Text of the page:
A similar list for character concepts and archetypes is going to follow.

General Campaign Ideas:

Treasure Hunters: The Ruins of the old magocratic palaces and proverbial wizard towers might be rife with riches and old artefacts. Magical items were plentiful once, but nowadays their manufacture is mostly lost and the ownership of such an item – any item – is seen as an important symbol of wealth, power and prestige. Professional treasure hunters who search the old places of power and come with anything they find – from minor magical items of comfort (who doesn’t want to own a pair self-repairing, self cleaning boots) to artefacts of great power. Unfortunately, the ruins which were not plundered in the last years or so are untouched for good reasons, and can be veritable death traps.
It’s Indiana Jones meeting Thief meeting Tomb Raider meeting Fafhrd and the Grey Mouser.

Monsters at the Gate: The inheritance of the magocracy does not only include flickering magical lights and slowly crumbling magnificent buildings. Centuries of experimenting with transmogrifying magic and a long-standing tradition of arena combats with newly created beasts has let to a population of aggressive and often highly dangerous creatures that roam the land. Not all of the beasts are fertile, but there are also many who do not seem to age. Out there, in the wilderness, there are monsters, and they threaten people, trade routes and villages. Professional Monster hunters might travel from village to village, or hunt dangerous beasts for bounties, while more wealthy – or crazy – hunters treat the different beasts as targets for big game hunting.
It’s the Witcher meeting Jaberwocky meeting Pact of the Wolves meeting Aliens.

The Pioneers: The cities have no future. Space is plenty, but there are too many people on a heap, and too little food around. So, there is a steady transmigration from the cities to the unclaimed lands outside. New settlements are set up everywhere were there is land to plow and a steady water supply. The life of this new settlers is tough, as it requires hard work and a friendly contact to the natives, while the usual natural threats and the supernatural beasts in the wilderness threaten the very existence of any such village. Player characters could be settlers out for a new hope for land and subsistence, or they could be hired pathfinders and mercenaries who protect and guide a trail of settlers to their new home.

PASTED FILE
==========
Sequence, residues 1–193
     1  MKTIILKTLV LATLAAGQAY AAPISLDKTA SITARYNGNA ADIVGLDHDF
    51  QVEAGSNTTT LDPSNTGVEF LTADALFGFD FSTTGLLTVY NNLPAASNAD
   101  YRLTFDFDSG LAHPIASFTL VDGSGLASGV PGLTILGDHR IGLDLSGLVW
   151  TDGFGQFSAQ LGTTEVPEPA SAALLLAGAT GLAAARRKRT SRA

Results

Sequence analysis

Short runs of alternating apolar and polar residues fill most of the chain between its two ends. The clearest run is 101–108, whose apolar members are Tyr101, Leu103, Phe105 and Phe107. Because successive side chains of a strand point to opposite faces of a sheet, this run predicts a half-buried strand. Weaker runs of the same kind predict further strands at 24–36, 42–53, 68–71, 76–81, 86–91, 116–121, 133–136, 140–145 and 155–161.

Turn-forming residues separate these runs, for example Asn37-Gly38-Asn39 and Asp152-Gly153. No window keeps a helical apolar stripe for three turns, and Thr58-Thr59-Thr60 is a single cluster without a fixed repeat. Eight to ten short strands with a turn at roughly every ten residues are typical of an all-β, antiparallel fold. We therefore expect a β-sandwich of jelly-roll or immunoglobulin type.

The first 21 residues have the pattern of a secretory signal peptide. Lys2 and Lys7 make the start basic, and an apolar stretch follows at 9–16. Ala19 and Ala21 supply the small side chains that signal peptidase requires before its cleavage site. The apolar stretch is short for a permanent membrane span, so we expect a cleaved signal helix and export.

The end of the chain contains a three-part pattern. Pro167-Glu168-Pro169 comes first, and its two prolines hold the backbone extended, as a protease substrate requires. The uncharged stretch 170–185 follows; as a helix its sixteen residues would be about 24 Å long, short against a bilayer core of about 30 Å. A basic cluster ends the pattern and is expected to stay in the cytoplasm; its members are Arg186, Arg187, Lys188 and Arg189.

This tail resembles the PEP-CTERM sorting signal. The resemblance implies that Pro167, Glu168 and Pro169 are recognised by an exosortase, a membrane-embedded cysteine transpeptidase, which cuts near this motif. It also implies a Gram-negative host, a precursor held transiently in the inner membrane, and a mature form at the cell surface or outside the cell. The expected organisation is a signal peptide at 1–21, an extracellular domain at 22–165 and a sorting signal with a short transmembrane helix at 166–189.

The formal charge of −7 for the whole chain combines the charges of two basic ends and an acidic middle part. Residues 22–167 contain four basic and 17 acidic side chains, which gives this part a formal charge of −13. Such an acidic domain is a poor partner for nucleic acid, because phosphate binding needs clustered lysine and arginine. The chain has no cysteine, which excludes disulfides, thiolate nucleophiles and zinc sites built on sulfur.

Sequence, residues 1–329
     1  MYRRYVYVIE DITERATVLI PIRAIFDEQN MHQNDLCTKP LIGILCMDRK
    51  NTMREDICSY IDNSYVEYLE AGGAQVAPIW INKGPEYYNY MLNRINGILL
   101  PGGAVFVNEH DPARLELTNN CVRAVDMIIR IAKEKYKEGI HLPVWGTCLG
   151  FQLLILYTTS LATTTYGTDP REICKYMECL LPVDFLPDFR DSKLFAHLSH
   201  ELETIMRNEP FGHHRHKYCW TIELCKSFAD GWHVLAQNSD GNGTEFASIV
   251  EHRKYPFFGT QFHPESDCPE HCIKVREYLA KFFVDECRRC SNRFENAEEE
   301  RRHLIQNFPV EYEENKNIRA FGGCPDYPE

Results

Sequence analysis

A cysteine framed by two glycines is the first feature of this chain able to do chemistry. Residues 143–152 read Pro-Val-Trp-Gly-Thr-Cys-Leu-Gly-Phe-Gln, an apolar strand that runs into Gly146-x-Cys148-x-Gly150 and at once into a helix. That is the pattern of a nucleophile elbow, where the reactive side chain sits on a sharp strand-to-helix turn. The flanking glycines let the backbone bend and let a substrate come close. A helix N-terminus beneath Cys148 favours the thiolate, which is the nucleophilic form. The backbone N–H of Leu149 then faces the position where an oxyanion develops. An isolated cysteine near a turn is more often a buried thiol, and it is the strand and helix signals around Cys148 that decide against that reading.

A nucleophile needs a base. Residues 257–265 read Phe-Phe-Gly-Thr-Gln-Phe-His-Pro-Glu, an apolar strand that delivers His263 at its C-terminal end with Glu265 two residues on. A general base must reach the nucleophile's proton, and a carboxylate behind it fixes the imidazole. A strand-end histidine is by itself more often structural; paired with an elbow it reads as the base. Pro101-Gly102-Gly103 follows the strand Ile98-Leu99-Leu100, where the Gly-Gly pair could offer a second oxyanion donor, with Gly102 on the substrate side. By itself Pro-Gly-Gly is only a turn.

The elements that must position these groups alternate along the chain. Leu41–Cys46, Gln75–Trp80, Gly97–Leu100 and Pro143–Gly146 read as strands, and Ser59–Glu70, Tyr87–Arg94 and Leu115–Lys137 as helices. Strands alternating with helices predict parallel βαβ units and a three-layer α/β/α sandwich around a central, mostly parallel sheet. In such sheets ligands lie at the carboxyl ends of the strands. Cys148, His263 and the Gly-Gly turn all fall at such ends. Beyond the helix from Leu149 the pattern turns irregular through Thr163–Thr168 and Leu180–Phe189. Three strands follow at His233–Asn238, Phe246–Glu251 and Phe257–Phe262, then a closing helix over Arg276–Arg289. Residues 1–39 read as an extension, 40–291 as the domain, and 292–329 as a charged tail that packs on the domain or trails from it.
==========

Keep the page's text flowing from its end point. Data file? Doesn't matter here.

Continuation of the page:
There is no lack of frontier or pioneer literature which can act as an inspiration for this. You are the Americans, so you probably know much more about this than me anyway.

For Gold and Glory: The Dark Golden Age is not a peaceful time. The successor realms are only established for a short time, and most of them need to secure their claim of power with sheer force. For this, they need soldiers, and mercenaries who are willing to fight in small border skirmishes or protect important trade routes. Prestigious mercenary units more and more replace the standard levies and feudal arrays, and might defend or destroy any of the new realms. A mercenary campaign would feature loads of combats and warfare, but also a bit of intrigue and perhaps even desolation.
It’s the Black Company meeting Wallenstein meeting A Song of Ice and Fire.

The Power is ours! The lack of stability of the new kingdoms is not necessarily a drawback for the player characters; a ruthless, clever and charismatic warlord could use this weakness as a benefit for himself and try to carve out a kingdom for himself. A campaign focussing on such a warlord and his retainers is a great way for a sandbox campaign.